In 2011, I did my Executive Masters degree in Management from IIM Ahmedabad. This gave me the opportunity to expand my interest and reach beyond the mechanical engineering side of things. I worked on deputation to the Ministry of Culture in the areas of heritage studies, cultural mapping, museology and conservation architecture. In 2018, I was instrumental in developing a bilateral Memorandum of Understanding for Cultural and Conservation Information for the UNESCO World Heritage Site temple complex of Angkor Wat in Cambodia.
I am currently the Executive Director (Legacy) in the Railway Board, which combines what I love about Railways and the culture of India.
What is meant by heritage in the context of railways? Please throw light on some heritage railway stations in India.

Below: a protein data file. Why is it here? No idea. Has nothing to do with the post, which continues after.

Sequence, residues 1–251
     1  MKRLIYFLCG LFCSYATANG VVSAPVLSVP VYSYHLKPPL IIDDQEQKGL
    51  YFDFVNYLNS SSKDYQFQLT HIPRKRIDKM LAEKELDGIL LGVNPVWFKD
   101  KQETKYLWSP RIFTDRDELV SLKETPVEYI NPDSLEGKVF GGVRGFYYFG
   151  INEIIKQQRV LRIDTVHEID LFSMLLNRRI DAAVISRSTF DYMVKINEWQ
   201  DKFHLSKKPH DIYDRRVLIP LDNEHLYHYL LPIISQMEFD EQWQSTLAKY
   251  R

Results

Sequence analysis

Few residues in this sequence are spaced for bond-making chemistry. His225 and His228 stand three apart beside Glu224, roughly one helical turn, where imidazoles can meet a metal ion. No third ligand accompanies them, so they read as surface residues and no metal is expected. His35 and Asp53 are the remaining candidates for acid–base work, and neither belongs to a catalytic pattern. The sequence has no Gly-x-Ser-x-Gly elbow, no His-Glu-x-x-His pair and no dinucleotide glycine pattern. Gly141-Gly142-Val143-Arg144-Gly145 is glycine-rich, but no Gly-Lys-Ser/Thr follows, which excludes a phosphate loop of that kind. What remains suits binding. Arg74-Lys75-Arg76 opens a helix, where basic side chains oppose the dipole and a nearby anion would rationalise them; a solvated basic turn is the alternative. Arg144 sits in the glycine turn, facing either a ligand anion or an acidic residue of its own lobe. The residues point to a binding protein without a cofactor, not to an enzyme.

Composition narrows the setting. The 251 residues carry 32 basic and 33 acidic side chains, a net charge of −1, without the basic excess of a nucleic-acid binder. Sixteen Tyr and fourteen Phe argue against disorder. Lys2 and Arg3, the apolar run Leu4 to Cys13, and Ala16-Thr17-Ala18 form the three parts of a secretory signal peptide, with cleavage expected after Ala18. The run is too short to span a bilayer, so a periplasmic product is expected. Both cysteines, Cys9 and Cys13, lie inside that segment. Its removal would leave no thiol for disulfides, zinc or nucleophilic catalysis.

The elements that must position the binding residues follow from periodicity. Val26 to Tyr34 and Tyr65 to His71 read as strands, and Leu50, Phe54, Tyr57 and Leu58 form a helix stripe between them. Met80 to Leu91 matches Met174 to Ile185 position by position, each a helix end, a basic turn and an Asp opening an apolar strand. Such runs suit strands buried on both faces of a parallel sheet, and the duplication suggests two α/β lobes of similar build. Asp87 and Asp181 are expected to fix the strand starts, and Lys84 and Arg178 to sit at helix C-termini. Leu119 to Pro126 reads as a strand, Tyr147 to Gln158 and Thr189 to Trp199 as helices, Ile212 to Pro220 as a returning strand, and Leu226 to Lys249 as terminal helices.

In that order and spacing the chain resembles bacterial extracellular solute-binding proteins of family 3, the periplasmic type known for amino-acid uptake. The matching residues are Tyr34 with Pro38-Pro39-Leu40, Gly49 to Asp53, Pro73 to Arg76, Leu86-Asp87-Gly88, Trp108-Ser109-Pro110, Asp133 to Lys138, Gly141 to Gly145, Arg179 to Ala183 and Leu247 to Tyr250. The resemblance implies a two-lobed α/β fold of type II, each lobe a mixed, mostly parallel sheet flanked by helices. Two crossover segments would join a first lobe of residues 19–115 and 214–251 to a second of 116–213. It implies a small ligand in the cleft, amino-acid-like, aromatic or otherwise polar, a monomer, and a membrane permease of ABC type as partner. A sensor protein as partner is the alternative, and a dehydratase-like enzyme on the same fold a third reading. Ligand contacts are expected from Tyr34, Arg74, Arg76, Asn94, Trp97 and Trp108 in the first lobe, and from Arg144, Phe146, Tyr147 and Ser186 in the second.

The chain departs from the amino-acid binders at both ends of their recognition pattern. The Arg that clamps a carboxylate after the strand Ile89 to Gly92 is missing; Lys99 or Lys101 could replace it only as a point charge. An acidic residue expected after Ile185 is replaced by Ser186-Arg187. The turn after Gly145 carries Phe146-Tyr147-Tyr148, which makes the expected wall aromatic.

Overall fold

Indian Railways has a rich history of more than 160 years and a wide spectrum of both tangible and intangible heritage. this is Proud owner of four UNESCO awarded World Heritage Sites namely Darjeeling Himalayan Railway (1999), Nilgiri Mountain Railway (2005), Kalka Shimla Railway (2008) and Chhatrapati Shivaji Terminus, Mumbai (2004). There are two more in the waiting or tentative list named Matheran Light Railway and Kangra Valley Railway. So for me, being professional right now is an interesting turning point – railway technology and industrial heritage! Today, the Indian Railways maintains 34 museums, heritage parks and heritage galleries spread across India, which are designed to preserve India’s railway heritage. The National Rail Museum in New Delhi and the Regional Rail Museum in Chennai, Mysore, Howrah and Nagpur are iconic tourist destinations in their respective regions.